G20 backs global tax crackdown: report | Canberra weather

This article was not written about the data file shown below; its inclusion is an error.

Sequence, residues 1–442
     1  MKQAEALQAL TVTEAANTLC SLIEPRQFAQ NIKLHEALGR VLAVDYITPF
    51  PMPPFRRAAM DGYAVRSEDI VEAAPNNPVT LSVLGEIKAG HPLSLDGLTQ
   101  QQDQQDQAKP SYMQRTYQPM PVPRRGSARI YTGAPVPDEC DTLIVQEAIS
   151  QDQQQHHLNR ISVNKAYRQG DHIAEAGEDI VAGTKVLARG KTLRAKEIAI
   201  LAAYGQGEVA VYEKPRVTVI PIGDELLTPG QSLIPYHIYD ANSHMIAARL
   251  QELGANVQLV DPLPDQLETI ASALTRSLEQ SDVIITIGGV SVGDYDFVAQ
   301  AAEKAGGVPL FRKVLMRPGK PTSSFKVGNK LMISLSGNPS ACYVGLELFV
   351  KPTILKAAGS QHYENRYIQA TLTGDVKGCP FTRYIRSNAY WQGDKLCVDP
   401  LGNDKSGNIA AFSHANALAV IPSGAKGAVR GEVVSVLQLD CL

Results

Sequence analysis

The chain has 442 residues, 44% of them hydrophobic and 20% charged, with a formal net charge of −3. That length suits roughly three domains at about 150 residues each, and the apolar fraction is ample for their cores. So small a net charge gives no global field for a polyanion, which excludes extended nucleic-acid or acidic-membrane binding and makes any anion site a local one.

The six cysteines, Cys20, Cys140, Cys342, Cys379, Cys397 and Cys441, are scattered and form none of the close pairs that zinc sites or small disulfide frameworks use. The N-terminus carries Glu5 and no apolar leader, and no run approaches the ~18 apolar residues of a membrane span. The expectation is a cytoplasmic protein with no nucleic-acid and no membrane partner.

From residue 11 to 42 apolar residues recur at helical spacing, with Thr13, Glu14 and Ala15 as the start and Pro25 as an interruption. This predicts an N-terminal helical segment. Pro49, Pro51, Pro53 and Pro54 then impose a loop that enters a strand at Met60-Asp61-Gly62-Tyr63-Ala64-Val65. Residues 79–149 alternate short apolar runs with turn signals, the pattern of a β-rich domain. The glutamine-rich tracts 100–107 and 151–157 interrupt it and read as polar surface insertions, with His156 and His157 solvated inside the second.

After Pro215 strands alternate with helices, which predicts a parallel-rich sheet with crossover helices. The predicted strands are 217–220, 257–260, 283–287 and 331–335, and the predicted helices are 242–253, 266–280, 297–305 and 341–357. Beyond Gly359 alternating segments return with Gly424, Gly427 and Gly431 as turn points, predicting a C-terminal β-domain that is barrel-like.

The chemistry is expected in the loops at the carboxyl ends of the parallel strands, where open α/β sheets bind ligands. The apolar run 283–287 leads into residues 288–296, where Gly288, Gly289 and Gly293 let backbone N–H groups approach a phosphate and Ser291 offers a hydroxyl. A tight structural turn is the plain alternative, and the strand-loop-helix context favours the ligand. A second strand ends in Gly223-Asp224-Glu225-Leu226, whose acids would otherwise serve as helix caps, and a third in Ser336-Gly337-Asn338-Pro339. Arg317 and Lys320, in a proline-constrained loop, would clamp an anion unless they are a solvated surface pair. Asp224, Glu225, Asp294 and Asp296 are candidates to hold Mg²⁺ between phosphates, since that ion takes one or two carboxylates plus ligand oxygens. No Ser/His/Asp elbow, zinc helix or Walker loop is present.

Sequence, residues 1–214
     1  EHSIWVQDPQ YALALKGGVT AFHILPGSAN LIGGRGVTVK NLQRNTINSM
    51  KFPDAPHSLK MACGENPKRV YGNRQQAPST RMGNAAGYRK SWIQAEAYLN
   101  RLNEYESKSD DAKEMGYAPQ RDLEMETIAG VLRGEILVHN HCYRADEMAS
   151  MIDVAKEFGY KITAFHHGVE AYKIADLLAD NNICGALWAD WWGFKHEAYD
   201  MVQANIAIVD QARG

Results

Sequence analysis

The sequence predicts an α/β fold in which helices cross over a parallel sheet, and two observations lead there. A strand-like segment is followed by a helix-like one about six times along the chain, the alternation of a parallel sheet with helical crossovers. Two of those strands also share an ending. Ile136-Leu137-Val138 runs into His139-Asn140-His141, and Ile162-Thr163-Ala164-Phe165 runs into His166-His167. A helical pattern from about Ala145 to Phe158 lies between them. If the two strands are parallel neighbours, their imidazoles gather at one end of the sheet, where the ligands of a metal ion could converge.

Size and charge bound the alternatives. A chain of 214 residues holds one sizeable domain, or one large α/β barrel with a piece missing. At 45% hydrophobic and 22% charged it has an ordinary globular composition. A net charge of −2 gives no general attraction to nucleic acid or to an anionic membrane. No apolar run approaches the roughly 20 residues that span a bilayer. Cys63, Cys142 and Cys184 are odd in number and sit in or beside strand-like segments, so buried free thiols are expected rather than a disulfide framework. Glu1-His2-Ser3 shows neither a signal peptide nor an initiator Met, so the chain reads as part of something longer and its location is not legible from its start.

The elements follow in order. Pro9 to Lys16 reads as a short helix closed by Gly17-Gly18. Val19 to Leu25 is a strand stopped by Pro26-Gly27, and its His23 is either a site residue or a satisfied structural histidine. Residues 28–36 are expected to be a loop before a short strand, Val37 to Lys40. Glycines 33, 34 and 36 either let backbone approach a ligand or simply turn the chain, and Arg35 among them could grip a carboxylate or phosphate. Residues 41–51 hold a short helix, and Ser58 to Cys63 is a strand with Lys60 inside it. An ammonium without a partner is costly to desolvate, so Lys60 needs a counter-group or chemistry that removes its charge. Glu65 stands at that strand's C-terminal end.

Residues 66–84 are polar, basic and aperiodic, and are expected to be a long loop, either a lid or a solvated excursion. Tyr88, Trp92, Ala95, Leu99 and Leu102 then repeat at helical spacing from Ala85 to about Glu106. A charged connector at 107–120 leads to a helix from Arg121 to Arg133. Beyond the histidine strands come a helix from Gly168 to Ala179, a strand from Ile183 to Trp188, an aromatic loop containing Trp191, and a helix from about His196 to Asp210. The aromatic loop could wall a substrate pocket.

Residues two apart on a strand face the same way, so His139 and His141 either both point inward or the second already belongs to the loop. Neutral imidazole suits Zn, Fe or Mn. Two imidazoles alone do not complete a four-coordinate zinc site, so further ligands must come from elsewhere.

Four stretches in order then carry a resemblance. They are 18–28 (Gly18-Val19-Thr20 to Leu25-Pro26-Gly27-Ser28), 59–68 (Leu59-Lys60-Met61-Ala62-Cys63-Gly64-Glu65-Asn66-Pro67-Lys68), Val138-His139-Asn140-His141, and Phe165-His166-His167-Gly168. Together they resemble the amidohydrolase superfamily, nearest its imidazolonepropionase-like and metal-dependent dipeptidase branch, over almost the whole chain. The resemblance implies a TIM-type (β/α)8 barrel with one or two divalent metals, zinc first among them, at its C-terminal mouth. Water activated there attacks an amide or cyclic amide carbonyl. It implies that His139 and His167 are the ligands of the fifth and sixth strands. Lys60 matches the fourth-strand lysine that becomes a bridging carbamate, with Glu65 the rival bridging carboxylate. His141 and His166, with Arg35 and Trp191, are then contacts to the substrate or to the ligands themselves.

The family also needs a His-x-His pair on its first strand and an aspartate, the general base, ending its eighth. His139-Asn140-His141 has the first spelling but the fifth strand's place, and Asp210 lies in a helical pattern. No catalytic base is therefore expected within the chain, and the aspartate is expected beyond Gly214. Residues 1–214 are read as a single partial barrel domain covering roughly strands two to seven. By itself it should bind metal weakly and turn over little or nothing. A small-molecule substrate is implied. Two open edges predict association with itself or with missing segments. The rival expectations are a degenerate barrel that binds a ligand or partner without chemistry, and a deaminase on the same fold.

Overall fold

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G20 club finance chiefs have backed a landmark move to prevent multinationals from shifting profits to low-tax tax havens and recovering hundreds of billions of dollars in lost revenue, according to one draft press release. The deal at talks in the Italian city of Venice is expected to be finalized on Saturday and crowns eight years of wrangling over the issue. The goal is for country leaders to give him a final blessing at an October summit in Rome. The pact to establish a minimum global corporate tax rate of at least 15% is an attempt to squeeze more money from tech giants like Amazon and Google, as well as other multinationals capable of researching the most attractive tax base. While tax activists point to the shortcomings of the proposals and want a more ambitious crackdown, the move is a rare case of cross-border tax coordination and could deprive many tax havens of their appeal. “We invite all members who have not yet joined the international agreement to do so,” said the statement consulted by Reuters about a number of countries which still resist the decision. Two sources said the statement is expected to be released at the end of talks on Saturday without change. That would represent political approval of a deal this month between 131 countries in talks hosted by the Paris-based Organization for Economic Co-operation and Development. Momentum for a deal has gathered pace this year with strong backing from the administration of US President Joe Biden and many public treasuries around the world stretched by the massive budget support needed to protect economies ravaged by the crisis. pandemic. Geoffrey Okamoto, first deputy managing director of the International Monetary Fund, called it a “net gain for the world” but said there was still work to be done to simplify the deal for countries, especially poorer, integrate it. “It has to be simple enough that the vast majority of the world can implement and administer it,” he told Reuters. If all goes according to plan, the new tax rules are expected to be translated into binding legislation around the world before the end of 2023. However, a fight in the U.S. Congress over Biden’s proposed tax increases on businesses and corporations. wealthy citizens could still create obstacles. Likewise, difficulties could arise because Ireland, Estonia and Hungary, Member States of the European Union, are among the countries which have not yet joined. “I am convinced that at the end of the day we will come to a common decision within the EU,” German Finance Minister Olaf Scholz told DLF radio before starting the talks. The meeting of G20 finance ministers and central bankers in Venice is their first face-to-face since the start of the COVID-19 pandemic. G20 members account for over 80 percent of global gross domestic product, 75 percent of global trade, and 60 percent of the planet’s population, including US, Japan, UK, France and Germany. and India. Associated Australian Press


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